Although there are 2,620 public libraries in Canada, according to a 2014 Royal Society of Canada report, it is possible that the condemned branches of Newfoundland are the most important of all. They are located, mainly, in rural communities and small towns, from 1,000-person Arnold’s Cove to the settlement of Woody Point, tucked deep in the expanse of a 1,800-km national park.

Books are often scarce in these areas — but their libraries, like Fogo’s, are not just repositories of printed words. They make the Internet freely accessible, in places where broadband connectivity is not quite universal. They provide public space where movie theatres and sporting arenas have never been built.

And they mean the world to people like Christine Dwyer.

Dwyer, 68, has been a member of Fogo’s library board for 39 years. Before retiring in 2008, she taught for three-plus decades at the island’s only school: Fogo Island Central Academy, where the library is housed. “The school is like family to us, and the library especially,” she told the National Post.

When Newfoundland’s government announced the library closures, they tried to soften the news through a compromise: 85 per cent of residents would still be within a 30-minute drive of a branch, in what Andrew Hunt, executive director of the Provincial Information and Library Resources Board, called a move to a regional “service-centre approach.”

Fogo’s 2,500 or so townspeople are part of the final 15 per cent. The only way to get to and from the mainland is an hour-long commute by ferry, by way of a wharf called “Farewell.”

Google Maps

“If ours closed down and I were to go to a library, I drive 30 minutes to get to the ferry, I wait for God knows how long, I have one hour on the ferry, and then I have a one-hour drive to see which library I want to go to, whether it be Gander, Lewisporte or Twillingate,” Dwyer said.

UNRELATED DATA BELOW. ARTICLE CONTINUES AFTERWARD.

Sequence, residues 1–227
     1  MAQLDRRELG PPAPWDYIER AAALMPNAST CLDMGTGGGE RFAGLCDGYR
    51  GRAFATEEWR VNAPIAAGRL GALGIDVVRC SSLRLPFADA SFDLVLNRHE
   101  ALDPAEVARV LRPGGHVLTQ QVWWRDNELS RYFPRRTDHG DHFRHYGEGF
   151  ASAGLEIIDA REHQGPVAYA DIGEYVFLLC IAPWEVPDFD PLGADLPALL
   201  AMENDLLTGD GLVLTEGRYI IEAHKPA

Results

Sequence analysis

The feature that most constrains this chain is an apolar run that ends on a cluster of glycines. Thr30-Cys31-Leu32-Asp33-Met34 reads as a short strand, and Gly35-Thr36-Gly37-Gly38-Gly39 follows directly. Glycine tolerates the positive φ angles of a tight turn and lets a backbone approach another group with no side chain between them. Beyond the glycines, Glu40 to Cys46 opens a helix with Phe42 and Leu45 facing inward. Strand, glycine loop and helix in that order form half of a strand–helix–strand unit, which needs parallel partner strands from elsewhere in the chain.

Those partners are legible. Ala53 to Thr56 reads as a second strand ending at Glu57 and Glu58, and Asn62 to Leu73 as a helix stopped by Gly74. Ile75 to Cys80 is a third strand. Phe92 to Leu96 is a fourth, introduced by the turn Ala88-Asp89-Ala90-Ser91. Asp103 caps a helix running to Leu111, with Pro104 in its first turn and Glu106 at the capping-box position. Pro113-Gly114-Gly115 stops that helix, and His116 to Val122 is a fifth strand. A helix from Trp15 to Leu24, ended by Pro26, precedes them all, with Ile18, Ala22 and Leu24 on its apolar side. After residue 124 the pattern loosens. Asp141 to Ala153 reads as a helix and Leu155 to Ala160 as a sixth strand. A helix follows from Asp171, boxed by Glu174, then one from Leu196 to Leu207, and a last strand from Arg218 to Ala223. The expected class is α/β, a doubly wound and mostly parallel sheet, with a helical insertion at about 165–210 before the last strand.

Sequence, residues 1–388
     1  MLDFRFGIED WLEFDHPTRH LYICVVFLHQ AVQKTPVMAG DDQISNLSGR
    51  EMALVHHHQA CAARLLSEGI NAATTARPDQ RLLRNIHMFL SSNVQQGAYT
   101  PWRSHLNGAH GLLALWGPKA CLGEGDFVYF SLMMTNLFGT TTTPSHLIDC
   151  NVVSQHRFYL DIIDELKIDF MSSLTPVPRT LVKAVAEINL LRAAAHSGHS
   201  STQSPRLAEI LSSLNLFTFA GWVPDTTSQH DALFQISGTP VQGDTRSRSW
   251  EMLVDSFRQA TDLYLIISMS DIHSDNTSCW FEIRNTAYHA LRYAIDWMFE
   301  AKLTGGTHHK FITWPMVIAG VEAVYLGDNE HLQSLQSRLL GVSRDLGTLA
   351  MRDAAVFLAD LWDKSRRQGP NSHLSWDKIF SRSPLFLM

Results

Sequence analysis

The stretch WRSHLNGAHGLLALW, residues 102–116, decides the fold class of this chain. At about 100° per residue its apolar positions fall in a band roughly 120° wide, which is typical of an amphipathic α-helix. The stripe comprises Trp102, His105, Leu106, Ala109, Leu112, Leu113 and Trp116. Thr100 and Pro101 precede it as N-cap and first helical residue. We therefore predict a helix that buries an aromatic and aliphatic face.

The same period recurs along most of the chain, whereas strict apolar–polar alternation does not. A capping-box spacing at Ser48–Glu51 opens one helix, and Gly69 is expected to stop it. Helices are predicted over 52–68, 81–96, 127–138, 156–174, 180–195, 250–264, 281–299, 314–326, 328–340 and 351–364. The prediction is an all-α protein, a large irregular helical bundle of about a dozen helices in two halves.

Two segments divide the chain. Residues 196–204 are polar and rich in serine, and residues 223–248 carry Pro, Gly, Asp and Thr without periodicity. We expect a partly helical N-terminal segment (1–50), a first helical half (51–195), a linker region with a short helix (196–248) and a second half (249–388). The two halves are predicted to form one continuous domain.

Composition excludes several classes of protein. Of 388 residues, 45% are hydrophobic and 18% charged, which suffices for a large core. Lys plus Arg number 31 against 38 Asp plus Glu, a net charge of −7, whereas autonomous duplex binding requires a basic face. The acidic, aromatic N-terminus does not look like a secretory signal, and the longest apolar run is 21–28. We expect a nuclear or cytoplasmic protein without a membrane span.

“So people are just not going to do it. The residents of Fogo Island are just not going to read as much.” …

Read the full story here.

New crime fiction!

Three new crime novels are reviewed by Margaret Cannon in the Globe and Mail.

The Watcher in the Wall

By Owen Laukkanen, G.P. Putnam’s Sons, 368 pages, $35

The essence of a good thriller is the writer’s ability to foresee scary real-world events; B.C.-born Owen Laukkanen’s The Watcher in the Wall is as current as last week’s news. Kids in a Minnesota high school are committing suicide. It seems random but the numbers tell a different story, and when the friend of Bureau of Criminal Apprehension agent Kirk Stevens’s daughter dies, she begs her father to find out the truth. That story becomes Laukkanen’s best novel to date. This isn’t a whydunit or whodunit. We know early on that the watcher in the wall is 15-year-old Nathan Gruber and that his first victim was his stepsister Sarah. But Stevens and his FBI partner Carla Windermere just have the clues in front of them: names, grades, computers and a ghostly online presence that leads troubled teens to death. I found this novel irresistible. If you haven’t already discovered Laukkanen’s Windermere-Stevens series, this is the book to start.

[10 copies in the Ottawa Public Library collection]

Cold Girl

By R.M. Greenaway, Dundurn, 432 pages, $17.99

R.M. Greenaway’s debut bills itself as the first in a series: “A B.C. Blues crime novel.” There are some first-novel missteps but Cold Girl was good enough to win the Unhanged Arthur Award for the best unpublished novel of 2014. The story, about Mounties and local cops in search of a missing rockabilly singer, starts slowly, with the disappearance of a woman in the Hazelton Mountains of northern British Columbia. RCMP investigator David Leith is in charge of the case, but there’s also a problematic young constable named Dion, who seems to be off on his own …

Read the full review here


North Gower’s Karen Craig retiring

Learning at the Library! With North Gower supervisor Karen Craig (left) and Sparks leader Lyra.

Learning at the Library! With North Gower supervisor Karen Craig (left) and Sparks leader Lyra.

A special drop-in event will be held at the North Gower Branch of the Ottawa Public Library tomorrow, January 28th, between 4 and 6 PM, to celebrate North Gower resident Karen Craig’s 24 years with the library as she retires this week.